Katie OíDonnell

Exploration #1 The Falconís Nest at Travelerís Tower

Environmental Science

There are very few Peregrine Falcons nesting in Connecticut, but one can be found high above Hartford, on the 21st floor of Travelerís Tower. Her name is Amelia and she first nested here in 1997. She was born in Greece, New York in 1994. We know this because she was banded with an ID on her leg and biologists have been able to read the number. There are cameras atop the tower set up to observe her and her mate, affectionately called Falcon Cams.

The peregrine falcon is on Connecticutís endangered species list, but was removed form the Federal endangered list when their numbers recovered nationwide. Although, most recent figures put the pairs of falcons in the US and Canada at just under 2000. That doesnít seem like a significant number. The DEP will monitor the falcon population for 5 years and if the numbers significantly decline it will be relisted.

They like to nest on high rocky cliffs and tall buildings. This is not the first nesting for the Travelerís Tower; there is documentation of nesting in the 1940ís when there numbers were higher. If the falcons hatch eggs this year both birds will care for the hatchlings. They will feed the young other birds that they catch in flight and teach them to fly. By September the young will leave the nest and Amelia and her mate will head for warmer climes.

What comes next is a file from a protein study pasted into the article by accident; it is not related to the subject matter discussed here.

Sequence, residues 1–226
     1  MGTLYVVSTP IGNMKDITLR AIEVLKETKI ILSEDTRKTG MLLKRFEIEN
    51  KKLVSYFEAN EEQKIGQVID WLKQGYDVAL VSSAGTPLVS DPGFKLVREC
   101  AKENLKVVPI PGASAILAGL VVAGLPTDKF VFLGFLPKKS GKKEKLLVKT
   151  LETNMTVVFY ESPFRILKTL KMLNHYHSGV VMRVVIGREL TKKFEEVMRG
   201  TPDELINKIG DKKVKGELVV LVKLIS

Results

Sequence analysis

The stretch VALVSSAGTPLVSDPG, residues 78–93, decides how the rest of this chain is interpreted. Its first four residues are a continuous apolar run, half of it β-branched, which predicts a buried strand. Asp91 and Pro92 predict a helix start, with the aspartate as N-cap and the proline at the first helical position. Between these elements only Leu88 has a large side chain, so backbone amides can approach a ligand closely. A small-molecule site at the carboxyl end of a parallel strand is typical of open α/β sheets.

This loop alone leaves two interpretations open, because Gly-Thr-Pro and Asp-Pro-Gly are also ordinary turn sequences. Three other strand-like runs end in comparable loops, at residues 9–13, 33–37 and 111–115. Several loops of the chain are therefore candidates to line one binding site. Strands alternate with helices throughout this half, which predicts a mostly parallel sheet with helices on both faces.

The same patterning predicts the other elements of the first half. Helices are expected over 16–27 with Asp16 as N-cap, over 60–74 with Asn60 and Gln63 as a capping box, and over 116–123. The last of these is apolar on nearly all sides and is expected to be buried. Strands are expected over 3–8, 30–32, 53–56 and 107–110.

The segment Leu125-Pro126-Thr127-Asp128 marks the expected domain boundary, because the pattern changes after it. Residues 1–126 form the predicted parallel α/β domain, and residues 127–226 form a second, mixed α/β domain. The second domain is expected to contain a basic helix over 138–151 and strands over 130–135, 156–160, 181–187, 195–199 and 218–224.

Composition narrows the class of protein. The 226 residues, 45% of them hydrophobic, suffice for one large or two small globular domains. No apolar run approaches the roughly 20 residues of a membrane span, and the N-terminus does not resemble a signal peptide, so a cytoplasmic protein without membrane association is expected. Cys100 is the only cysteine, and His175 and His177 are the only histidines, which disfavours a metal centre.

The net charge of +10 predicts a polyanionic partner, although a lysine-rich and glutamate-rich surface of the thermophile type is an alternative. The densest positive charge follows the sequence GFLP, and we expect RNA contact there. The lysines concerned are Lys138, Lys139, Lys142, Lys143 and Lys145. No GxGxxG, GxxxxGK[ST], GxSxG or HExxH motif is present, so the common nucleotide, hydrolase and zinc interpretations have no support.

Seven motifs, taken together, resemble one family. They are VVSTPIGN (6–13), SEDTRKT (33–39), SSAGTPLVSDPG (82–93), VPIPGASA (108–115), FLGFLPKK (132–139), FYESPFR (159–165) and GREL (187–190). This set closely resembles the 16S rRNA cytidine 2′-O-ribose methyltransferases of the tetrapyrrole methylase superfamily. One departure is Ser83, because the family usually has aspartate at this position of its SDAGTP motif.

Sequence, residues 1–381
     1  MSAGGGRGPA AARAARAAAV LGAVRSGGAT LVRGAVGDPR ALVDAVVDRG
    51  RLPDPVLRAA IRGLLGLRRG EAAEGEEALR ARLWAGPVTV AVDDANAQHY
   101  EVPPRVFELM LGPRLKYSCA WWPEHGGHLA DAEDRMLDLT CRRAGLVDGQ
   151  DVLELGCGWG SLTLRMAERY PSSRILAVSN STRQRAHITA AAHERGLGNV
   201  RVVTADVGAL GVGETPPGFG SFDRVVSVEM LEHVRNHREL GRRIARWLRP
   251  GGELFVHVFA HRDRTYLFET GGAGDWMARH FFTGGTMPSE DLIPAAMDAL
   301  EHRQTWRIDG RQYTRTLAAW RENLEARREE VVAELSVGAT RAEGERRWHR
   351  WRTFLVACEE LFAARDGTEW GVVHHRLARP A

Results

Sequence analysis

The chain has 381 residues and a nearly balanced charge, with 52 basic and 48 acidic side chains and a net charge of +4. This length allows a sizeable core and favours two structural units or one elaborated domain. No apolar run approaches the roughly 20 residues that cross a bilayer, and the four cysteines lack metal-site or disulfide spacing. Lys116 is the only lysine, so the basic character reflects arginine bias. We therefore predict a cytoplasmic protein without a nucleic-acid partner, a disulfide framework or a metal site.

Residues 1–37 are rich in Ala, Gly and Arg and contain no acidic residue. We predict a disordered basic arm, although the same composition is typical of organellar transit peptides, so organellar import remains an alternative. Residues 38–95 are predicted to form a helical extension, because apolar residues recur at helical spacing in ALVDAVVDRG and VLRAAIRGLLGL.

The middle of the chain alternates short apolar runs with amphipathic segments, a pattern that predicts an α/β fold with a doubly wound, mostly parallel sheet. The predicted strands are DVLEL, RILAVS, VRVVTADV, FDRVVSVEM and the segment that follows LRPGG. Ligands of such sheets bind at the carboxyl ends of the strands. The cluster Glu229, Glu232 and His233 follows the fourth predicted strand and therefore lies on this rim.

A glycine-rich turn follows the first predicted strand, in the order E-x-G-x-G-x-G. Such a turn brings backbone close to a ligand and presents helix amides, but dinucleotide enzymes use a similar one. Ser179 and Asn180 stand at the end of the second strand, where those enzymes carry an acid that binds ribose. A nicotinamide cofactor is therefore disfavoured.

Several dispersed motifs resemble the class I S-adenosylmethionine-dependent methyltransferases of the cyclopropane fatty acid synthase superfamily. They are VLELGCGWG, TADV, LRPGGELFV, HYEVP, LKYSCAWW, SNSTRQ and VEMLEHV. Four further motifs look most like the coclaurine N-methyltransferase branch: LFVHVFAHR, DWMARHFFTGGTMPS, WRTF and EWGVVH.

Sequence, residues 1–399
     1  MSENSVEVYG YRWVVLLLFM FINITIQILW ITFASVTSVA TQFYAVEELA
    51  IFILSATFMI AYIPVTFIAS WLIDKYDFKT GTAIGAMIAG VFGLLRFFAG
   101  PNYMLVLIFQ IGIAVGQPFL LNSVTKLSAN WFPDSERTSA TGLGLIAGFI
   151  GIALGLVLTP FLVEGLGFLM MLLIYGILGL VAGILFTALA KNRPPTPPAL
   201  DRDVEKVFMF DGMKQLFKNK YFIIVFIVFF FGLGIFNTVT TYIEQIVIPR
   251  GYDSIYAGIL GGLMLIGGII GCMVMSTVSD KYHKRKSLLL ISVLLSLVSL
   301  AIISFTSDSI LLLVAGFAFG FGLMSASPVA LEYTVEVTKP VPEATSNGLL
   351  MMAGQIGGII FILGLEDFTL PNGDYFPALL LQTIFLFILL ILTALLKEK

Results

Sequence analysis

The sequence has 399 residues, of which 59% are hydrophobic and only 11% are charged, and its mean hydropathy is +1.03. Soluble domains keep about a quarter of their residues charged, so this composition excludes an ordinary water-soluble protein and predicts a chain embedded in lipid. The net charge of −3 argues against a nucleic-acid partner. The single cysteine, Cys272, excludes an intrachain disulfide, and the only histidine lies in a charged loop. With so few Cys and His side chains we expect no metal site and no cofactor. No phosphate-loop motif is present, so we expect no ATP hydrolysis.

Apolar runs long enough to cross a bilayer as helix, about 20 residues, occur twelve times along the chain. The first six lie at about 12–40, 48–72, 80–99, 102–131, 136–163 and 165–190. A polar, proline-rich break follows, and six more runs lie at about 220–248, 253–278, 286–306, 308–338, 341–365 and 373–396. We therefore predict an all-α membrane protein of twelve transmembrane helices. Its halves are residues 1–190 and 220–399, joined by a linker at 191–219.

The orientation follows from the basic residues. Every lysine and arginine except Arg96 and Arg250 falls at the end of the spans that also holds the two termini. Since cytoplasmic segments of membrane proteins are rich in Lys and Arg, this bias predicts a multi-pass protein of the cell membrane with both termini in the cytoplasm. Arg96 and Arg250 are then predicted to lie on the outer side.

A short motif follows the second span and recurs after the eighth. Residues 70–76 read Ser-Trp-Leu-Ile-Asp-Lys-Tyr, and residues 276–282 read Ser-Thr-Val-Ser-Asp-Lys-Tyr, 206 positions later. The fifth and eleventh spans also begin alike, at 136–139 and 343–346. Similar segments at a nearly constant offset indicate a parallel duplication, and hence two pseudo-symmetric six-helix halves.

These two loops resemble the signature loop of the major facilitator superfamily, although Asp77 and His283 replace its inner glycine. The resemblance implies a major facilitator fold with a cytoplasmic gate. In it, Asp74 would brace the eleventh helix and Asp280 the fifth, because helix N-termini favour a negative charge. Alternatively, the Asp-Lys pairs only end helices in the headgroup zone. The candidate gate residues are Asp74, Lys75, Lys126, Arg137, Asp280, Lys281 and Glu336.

This is her 7th year returning to this nest, she predictably arrives in early March. Her mate is usually seen not long after. Her male falcon partner is unknown; he is banded but wildlife specialists have been unable to read it. Not every year has brought offspring and in fact Ameliaís last successful nesting was in 2000, but to date she has hatched 8 chicks. Each of those young were banded at 3 weeks of age and have gone off to make their own nests.

Amelia has been seen this year making her first appearance in March. I often check the nest and frequently catch her there. I canít discern if there are eggs yet and the site has not been updated since April 1st. The cameras are always on though and if you have an interest you just might catch a little bit of Hartford aviary history.

Links:

The home page of Travelerís Tower Amelia

http://falconcam.travelers.com/index.html

Information from the federal govít on Peregrine falcons

http://www.fws.gov/endangered/i/B22.html

Submitted to and posted by Anthony Benoit
May 16, 2003

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